How Payers Are Supporting Health Equity

May 12, 2021

Older hispanic woman sitting on exercise mat

The pandemic has touched all of us, but some have felt its effects more than others. COVID-19 has exposed longstanding inequities that have harmed the physical, social, economic, and emotional health of communities of color and other vulnerable populations.

Payers understand that eliminating these health disparities is not only an ethical imperative, but also a necessary step to ultimately achieving lower-cost, higher-quality care. That’s because health disparities result in vulnerable populations delaying important care and visiting the emergency room to treat chronic illnesses that are better managed in non-acute, lower-cost settings. In fact, the Robert Wood Johnson Foundation estimated that racial health disparities cost health insurers $337 billion between 2009 and 2018.

Here are some of the ways that payers are working to reduce disparities to create healthier individuals, healthier communities, and lower health care costs.

Increasing transparency to reduce complexity and boost health literacy

Health care is notoriously confusing. In fact, most Americans have difficulty understanding health information, according to the Centers for Disease Control and Prevention. But some groups tend to be disproportionately affected by low health literacy, including people with low levels of education or income, and racial and ethnic minorities, according to researchers.

Patients who have particularly low health literacy are more likely to smoke, be sedentary, be overweight, and have worse physical and mental health, according to some research. Moreover, financial stress is a major reason lower-income patients don’t seek preventive care or treat chronic diseases before symptoms become emergent.

Payers are addressing health literacy issues with tailored, straightforward communications and decision-support tools — whether that means education campaigns, digital pricing tools, or financial counseling support — to alleviate some of the confusion and anxiety patients have about seeking care. Offering tools and providing cost information creates a better experience that allows patients to move through the health care system while avoiding the shock, anger, disappointment and distrust that lead so many to check out of the system altogether.

Reducing risk factors with personalized programs and incentives

Lifestyle risk factors, including tobacco and alcohol use, poor nutrition, and inactivity, disproportionately affect lower-income and vulnerable populations, as well as communities of color. At the same time, research shows that a whopping 70% to 90% of the most common and deadly chronic diseases that are prevalent among these groups, including diabetes and coronary artery disease, could be prevented by stopping smoking, increasing physical activity, and losing even a relatively small amount of weight. Obesity-related issues alone create nearly $150 billion in health care spending every year, according to research.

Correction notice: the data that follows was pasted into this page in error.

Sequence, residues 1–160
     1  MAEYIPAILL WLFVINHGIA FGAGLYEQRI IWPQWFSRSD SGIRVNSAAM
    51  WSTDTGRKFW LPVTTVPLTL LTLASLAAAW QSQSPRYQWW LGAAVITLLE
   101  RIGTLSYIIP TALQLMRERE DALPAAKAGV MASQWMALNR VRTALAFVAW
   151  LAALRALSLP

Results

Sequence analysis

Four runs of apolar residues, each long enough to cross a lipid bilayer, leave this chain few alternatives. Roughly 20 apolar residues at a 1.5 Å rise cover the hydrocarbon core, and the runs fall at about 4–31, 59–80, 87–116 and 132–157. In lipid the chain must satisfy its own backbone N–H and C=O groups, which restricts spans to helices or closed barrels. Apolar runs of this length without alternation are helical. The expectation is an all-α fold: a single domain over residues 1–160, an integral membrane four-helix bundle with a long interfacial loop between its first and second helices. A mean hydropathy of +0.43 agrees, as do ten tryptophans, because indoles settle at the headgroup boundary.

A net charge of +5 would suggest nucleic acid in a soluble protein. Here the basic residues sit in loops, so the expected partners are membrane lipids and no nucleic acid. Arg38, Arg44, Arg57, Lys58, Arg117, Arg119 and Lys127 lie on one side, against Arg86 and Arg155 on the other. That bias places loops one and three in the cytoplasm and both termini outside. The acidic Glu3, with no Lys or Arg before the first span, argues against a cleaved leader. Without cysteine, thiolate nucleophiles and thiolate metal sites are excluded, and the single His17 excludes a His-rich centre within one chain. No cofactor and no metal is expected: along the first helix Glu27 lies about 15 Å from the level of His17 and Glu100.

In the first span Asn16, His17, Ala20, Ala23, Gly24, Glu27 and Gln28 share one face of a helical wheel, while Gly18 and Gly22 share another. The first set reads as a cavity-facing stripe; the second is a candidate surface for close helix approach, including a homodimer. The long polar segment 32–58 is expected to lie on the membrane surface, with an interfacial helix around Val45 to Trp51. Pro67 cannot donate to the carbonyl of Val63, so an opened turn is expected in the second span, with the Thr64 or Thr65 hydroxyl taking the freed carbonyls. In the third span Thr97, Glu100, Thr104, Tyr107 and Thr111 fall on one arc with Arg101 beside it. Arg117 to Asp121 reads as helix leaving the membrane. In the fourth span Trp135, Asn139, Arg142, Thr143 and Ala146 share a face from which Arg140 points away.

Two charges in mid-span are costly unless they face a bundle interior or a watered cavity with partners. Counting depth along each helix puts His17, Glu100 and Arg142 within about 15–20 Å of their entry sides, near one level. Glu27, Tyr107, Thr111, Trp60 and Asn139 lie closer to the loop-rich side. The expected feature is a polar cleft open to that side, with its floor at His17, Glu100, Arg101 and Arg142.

Insurers are increasingly embracing digital therapeutic programs as one way to help the huge swaths of patients who suffer from one or more of these conditions. To be effective, these offerings must be based on rock-solid clinical research, and include the engagement trifecta of personalization, incentives, and online communities for support.

Taking aim at social determinants of health

Social determinants of health — including access to affordable and adequate housing, employment, education, transportation, proper nutrition, and safe communities — account for 80% of health outcomes, so insurers are more urgently making these issues a top priority.

A 2019 article in the American Journal of Accountable Care outlines a potential payer approach to managing Type 2 diabetes that accounts for social determinants of health. Through this lens, an insurer would not just approve and pay for medications to manage blood sugar levels, but might also connect patients with nutritionists to build healthy eating habits. Some are also working with local grocery stores and food banks to improve access to fruits and vegetables.

Along the same lines, several major payers have recently invested heavily in improving housing in response to the lack of affordable, adequate shelter in underserved communities that presents a major obstacle to better health. And they’re going even further, funding community partners that offer social services, transportation to and from health appointments, and financial literacy programs.

Beyond partnering to create innovative programs for patients, payers are also factoring social determinants of health into their risk calculations. Doing so helps them offer more holistic care while helping them attain quality measure goals and improve benefit utilization.

Payers understand that excellent care requires more than just medication and clinical intervention. Tackling social determinants of health, investing in programs that support a healthy lifestyle and increasing transparency will improve the overall health of members and start to reduce health disparities while also lowering the overall cost of care. And that’s good for everyone.

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